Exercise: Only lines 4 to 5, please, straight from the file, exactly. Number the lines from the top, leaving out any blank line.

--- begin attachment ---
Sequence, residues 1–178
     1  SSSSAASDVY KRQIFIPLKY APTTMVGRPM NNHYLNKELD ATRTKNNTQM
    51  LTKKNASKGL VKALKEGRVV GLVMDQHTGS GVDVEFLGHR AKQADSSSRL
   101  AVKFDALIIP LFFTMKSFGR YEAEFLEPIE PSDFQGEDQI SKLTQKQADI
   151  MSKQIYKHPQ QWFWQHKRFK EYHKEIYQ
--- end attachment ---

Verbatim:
   101  AVKFDALIIP LFFTMKSFGR YEAEFLEPIE PSDFQGEDQI SKLTQKQADI
   151  MSKQIYKHPQ QWFWQHKRFK EYHKEIYQ